NEW YORK -- It has been 10 years since David Cone hurled his perfect game against a team that no longer exists at a stadium that is no longer used, setting down 27 Montreal Expos in succession at the old Yankee Stadium.

And there is just one thing about that sweltering afternoon that Cone might change -- his reaction after the final out. With Orlando Cabrera's popup safely nestled in Scott Brosius' glove, Cone planted both hands on his heads and dropped to his knees before being tackled by catcher Joe Girardi.

"I look at that last part and I say, 'What am I thinking about, dropping to my knees?'" Cone said. "It was completely unrehearsed. That's not something you think about doing. I just remember collapsing from exhaustion, and now I look at it and think, 'Maybe I should have done something different there.'"

For the rest of the world, the story of Cone's 88-pitch performance on July 18, 1999 needs no revision. Cone relived his day of perfection on Saturday, throwing a ceremonial first pitch before the Yankees' matinee against the Tigers.

"I can't believe it's been that long already," said Girardi, who caught Cone's toss. "It seems like just yesterday that we were out there together."

A decade ago, it was a sweltering afternoon in the Bronx -- Yogi Berra Day -- as the Hall of Famer snagged a ceremonial first pitch from Don Larsen, reuniting the battery that combined for a perfect game in the 1956 World Series. Cone's attention was elsewhere because of the events.

"I just remember warming up before the game and not really even thinking about the game, because Yogi was riding around in this convertible," Cone said. "We were just laughing. Yogi is like a cartoon character. I was happy-go-lucky."

By the end of the afternoon, in front of a crowd of 41,930 that spent the final few innings on their feet, Cone had found even more reasons to smile.

Blessed with a slider that seemed to stop in mid-air before making a hard left turn, Cone knew that the free-swinging Expos lineup had never faced him and his variety of arm angles. They didn't have a chance.

"It was probably the best slider I've ever had, against the right lineup," said Cone, who struck out 10. "I could throw it for a strike that day, I could just miss with it, and I could sweep it off the plate. It was probably the best command and break I ever had."

It was an outing that was almost lost to the elements. The clubs waited out a 33-minute rain delay in the bottom of the third inning, and there was some question if Cone would resume the game. But the showers stopped, and Cone came back out relaxed and sharper.

"The thing that was amazing to me was how much better his stuff got after the rain delay," Girardi said. "A lot of times, it can be the opposite. He came back and he was lights-out."

By the fifth inning, Cone had started to consider how the storylines might go. Not only was it Berra's day, but David Wells had thrown a perfect game against the Twins on that same mound the year before. Three seasons after Cone had to leave a no-hitter at Oakland because of a pitch count, his first game back from an aneurysm, this one might be meant to be.

"This is unbelievable," Cone said. "A lot ran through my mind. I'm 36 years old and this is probably the last chance I'll ever have to be in that position. I was well aware of it. In some ways, I'm thankful that I was older so I could appreciate what was going on."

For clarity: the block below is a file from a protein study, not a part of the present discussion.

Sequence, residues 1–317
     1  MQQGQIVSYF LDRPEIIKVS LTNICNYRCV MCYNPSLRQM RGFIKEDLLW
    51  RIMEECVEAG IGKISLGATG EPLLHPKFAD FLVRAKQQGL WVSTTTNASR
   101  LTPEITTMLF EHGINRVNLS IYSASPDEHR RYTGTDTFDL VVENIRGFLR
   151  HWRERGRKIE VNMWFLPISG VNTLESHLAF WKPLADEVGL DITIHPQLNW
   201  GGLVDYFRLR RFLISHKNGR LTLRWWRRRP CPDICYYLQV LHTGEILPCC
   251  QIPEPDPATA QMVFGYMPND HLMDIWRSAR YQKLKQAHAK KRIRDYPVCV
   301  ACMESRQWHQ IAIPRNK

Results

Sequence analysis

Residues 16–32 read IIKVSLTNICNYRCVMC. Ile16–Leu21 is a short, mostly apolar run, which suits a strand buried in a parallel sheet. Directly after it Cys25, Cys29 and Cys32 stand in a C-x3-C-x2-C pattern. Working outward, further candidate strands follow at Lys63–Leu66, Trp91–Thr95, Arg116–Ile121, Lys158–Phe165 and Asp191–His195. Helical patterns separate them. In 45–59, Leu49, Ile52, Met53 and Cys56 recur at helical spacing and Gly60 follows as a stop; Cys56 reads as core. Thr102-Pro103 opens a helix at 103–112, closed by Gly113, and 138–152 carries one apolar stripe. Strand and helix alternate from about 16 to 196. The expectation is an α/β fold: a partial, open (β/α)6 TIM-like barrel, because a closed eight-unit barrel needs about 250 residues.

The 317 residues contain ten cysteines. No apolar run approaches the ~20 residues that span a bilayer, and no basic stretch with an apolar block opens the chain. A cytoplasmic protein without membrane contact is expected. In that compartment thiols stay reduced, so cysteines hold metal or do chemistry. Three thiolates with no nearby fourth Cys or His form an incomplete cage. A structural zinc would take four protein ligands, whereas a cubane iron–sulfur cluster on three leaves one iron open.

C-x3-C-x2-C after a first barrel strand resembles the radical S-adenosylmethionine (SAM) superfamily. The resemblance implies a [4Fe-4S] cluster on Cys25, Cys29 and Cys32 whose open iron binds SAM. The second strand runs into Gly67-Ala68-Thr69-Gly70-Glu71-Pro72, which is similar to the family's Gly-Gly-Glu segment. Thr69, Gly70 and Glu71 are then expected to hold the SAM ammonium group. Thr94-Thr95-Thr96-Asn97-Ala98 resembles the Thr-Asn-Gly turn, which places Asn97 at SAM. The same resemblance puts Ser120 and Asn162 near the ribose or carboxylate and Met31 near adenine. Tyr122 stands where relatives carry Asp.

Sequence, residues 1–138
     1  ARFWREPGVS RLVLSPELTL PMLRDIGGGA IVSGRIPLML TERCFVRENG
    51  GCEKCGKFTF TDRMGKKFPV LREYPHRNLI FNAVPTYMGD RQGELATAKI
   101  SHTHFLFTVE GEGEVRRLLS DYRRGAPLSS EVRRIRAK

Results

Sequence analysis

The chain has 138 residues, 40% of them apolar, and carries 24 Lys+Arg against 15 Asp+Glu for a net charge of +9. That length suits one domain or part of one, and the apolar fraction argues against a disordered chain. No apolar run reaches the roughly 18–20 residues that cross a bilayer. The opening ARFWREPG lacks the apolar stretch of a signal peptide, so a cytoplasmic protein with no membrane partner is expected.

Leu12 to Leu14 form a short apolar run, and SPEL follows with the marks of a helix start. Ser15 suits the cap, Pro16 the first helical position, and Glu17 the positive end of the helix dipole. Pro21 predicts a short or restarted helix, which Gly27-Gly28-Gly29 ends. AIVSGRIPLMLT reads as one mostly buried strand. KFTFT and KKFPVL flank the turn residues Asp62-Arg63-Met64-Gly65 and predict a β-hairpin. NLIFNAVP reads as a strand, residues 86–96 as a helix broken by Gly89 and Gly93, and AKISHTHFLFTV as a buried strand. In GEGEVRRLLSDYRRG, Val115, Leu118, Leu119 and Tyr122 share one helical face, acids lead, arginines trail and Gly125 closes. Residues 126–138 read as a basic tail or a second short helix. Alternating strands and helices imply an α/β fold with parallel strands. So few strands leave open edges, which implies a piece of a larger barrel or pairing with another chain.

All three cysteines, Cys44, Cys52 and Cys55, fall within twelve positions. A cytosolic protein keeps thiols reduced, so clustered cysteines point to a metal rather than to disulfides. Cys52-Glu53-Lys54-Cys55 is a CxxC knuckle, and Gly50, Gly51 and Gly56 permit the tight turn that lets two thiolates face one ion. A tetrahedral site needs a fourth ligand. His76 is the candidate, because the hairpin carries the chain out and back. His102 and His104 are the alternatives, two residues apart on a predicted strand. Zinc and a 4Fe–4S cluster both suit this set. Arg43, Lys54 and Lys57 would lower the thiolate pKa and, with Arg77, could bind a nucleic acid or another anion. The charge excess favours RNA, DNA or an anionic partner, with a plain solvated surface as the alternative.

As the zeros piled up, the Yankees began keeping their distance between innings. The only one to sniff at superstition was Chili Davis, the hulking designated hitter, who had warmed up Cone while Girardi strapped his gear back on between innings. Cone took it easy, lobbing hit-me fastballs.

"In between innings, Chili came up to me and said, 'You know, I used to catch in the Minor Leagues. I can catch your [stuff],'" Cone said. "He said it just like that. Something like that. It really made me laugh and helped to break the ice. Chili was my guy."

With the fans standing for the ninth inning, Cone struck out Chris Widger on three sliders, then got Ryan McGuire to fly out to left field on a ball Ricky Ledee battled to see. In the field, shortstop Derek Jeter said he still wanted the ball hit to him, but he felt extra pressure.

"Don't screw up," Jeter said. "It was tough. It was a day game, and day games change everything because the infield is hard, the sun is in your eyes. There's a lot of things that come into play. But it's pretty much, 'Don't screw up.'"

Cabrera popped a 1-1 slider into the sun and Cone squinted at it, pointing to the ball and hoping that Brosius would see it too. He did, and Cone was soon being hit with a bear hug from Girardi, piled on by Jeter and second baseman Chuck Knoblauch, and then the whole roster.

"It was just one of those things that was meant to be," Jeter said. "What can you say? He was perfect."

The jersey Cone wore wound up in the National Baseball Hall of Fame, and Yankees manager Joe Torre provided Cone with one of the few keepsakes he has from that game, a bag of muddied American League baseballs that were thrown out of play by home-plate umpire Ted Barrett that afternoon.

"I wasn't much of a collector," Cone said. "I'm kicking myself."

Cone's career certainly had more highlights than just those 27 outs. After winning 194 games over 17 Major League seasons with the Royals, Mets, Blue Jays, Yankees and Red Sox, Cone likes to point out that he was a member of all four Yankees World Series teams from 1996-2000.

But when he encounters fans as he did Saturday on the Suite Level, it seems all they want to talk about is that sweltering afternoon in 1999. Cone hears stories from people who claim to have been in the upper deck, the teenagers listening at the Jersey Shore or the firefighters watching on a small TV set.

"I get them every day, almost," Cone said. "The further removed I get from this game, the more I appreciate that this was my signature moment."